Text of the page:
## April 6, 2015

### Five Quickies

#### Posted by Tom Leinster

I’m leaving tomorrow for an “investigative workshop” on Information and Entropy in Biological Systems, co-organized by our own John Baez, in Knoxville, Tennessee. I’m excited! And I’m hoping to learn a lot.

A quick linkdump before I go:

• Reflexive completion   Tom Avery and I are writing a paper on Isbell conjugacy and reflexive completion (also called Isbell or MacNeille completion). I gave a talk on it last week at the British Mathematical Colloquium in Cambridge, which is somewhat similar to the Joint Meetings in the US.

The concepts of Isbell conjugacy and reflexive completion are at the same very basic, primitive categorical level as the Yoneda lemma. They rely on nothing more than the notions of category, functor and natural transformation. But they’re immeasurably less well-known than the Yoneda lemma.

As for Tom, you may remember him from the Kan Extension Seminar. He’s doing a PhD with me here in Edinburgh.

• Mathematicians accepting and resisting overtures from GCHQ   The British Mathematical Colloquium was part-sponsored by the UK surveillance agency GCHQ, which I’ve written about many times before. They paid for one of the plenary talks and some of the costs of student attendance. (They didn’t pay for me.)

I began my talk by expressing both my thanks to the organizers and my disappointment in them for allowing an extremist organization like GCHQ to buy itself a presence at the conference. As I understand it, the deal was that in return for the money it paid, GCHQ got a recruiting platform for the Heilbronn Institute (their academic brand). For instance, the conference hosted a Heilbronn recruitment session, advertised in the blurb that every delegate received.

And I said that although one might think it irregular for me to be taking a few moments of my seminar to talk about this, consider the fact that GCHQ bought itself three whole days in which to create the impression that working for an agency of mass surveillance is a normal, decent thing for a mathematician to do.

There were several encouraging signs, though:

• An important person within the organizational structure of the British Mathematical Colloquium (an annual event) exhibited clear awareness that GCHQ involvement in the BMC was controversial. This is a start, though it requires people to keep pointing out that committees, as well as individuals, are making a political choice when they cooperate with the intelligence agencies.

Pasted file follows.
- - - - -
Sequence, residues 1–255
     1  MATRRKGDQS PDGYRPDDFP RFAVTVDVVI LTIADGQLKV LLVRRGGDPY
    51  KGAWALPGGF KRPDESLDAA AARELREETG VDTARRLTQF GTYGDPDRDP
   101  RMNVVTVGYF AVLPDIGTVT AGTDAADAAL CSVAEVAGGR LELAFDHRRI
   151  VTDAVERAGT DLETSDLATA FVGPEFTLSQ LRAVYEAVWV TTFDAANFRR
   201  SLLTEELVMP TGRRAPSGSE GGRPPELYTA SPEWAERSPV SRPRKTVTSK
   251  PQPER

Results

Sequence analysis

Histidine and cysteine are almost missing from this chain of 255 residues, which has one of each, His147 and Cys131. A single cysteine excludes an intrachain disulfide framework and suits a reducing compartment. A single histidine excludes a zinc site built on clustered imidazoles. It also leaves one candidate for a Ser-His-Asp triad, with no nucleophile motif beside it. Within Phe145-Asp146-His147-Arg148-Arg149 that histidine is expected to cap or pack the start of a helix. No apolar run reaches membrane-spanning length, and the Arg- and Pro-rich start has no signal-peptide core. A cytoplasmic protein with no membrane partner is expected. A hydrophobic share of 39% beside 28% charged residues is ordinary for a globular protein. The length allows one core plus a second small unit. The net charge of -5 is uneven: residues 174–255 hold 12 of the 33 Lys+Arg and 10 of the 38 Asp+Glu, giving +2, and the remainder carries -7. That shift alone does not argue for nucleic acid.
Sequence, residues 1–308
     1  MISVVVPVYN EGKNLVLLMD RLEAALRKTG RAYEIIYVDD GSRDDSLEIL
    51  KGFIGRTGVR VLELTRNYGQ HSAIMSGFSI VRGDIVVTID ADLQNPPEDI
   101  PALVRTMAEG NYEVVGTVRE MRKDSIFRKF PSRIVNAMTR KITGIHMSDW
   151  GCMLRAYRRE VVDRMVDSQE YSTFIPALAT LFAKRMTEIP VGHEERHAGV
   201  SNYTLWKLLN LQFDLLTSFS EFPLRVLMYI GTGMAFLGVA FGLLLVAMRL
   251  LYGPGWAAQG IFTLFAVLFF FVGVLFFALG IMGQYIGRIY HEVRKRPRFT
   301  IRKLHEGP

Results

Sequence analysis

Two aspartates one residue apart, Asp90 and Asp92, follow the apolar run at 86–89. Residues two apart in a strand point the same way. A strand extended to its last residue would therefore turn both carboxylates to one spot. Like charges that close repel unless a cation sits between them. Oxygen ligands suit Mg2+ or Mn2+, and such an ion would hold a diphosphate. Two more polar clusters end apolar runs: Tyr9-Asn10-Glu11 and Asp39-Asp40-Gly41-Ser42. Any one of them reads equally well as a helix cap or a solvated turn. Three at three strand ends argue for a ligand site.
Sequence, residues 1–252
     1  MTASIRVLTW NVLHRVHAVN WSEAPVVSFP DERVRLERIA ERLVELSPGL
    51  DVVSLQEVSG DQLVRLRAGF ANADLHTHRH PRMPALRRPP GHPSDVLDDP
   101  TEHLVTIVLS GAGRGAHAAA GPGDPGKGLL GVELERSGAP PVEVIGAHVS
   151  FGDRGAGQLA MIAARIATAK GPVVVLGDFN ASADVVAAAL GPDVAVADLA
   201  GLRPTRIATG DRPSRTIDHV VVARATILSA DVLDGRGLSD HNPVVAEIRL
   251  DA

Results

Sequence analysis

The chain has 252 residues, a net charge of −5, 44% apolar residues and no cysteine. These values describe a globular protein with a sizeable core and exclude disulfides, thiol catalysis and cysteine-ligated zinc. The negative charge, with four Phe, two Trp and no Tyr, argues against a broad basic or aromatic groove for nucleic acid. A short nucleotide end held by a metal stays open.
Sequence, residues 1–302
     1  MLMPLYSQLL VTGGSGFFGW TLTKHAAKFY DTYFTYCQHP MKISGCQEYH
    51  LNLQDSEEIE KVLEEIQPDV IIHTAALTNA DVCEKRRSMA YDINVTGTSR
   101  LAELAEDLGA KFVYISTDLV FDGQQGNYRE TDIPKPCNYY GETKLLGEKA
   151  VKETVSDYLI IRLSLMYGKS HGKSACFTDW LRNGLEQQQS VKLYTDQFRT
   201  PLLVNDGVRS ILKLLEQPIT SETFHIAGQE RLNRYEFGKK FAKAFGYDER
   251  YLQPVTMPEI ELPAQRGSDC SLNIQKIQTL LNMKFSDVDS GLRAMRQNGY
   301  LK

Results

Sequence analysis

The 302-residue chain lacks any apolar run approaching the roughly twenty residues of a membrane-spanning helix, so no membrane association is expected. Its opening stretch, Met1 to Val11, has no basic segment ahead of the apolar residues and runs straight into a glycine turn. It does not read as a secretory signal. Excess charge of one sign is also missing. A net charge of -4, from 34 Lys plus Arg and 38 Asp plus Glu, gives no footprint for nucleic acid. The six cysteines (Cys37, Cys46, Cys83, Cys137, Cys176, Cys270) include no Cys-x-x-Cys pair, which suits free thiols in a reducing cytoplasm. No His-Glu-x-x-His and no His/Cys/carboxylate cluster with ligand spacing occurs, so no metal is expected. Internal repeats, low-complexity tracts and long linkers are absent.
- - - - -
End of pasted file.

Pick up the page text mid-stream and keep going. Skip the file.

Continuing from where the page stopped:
• The conference website advertised that GCHQ would have a stand/booth at the conference, but in the end they didn’t — perhaps knowing that they’d have been asking for trouble.
• I heard that a certain prominent British mathematician had refused requests to review from both GCHQ and the NSA.
• And as usual, just about every mathematician I spoke to was opposed to GCHQ mass surveillance.
• The Euler characteristic of an algebra   I recently gave a couple of talks entitled “The Euler characteristic of an algebra”: one for category theorists and one for algebraists. This represents joint work with Joe Chuang and Alastair King, which I hope we’ll have written up soon. I wrote a couple of posts warming up to this result, though I never got round to the result itself.

• Review of Nick Gurski’s higher categories book   I wrote a review of Nick Gurski’s book Coherence in Three-Dimensional Category Theory. The review will appear in the Bulletin of the London Mathematical Society.

• Are lectures the best way to teach?   Nick also has an opinion piece in The Guardian (joint with his colleague Sam Marsh), answering the question: are lectures the best way to teach students?

Posted at April 6, 2015 3:09 PM UTC

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### Re: Five Quickies

Just a reply to your first and last point.

I look forward to talking to you and Tom about reflexive completions. I’m in Honolulu talking to Dusko Pavlovic about related things.

As for your last point, I was involved in the project with Nick and Sam. Just before I came over to Hawaii, we were down in London at the Guardian University Awards, where we were runners up in the Teaching Excellence category. You don’t see Nick or me with a tie on very often, but here’s a picture of us at the awards ceremony.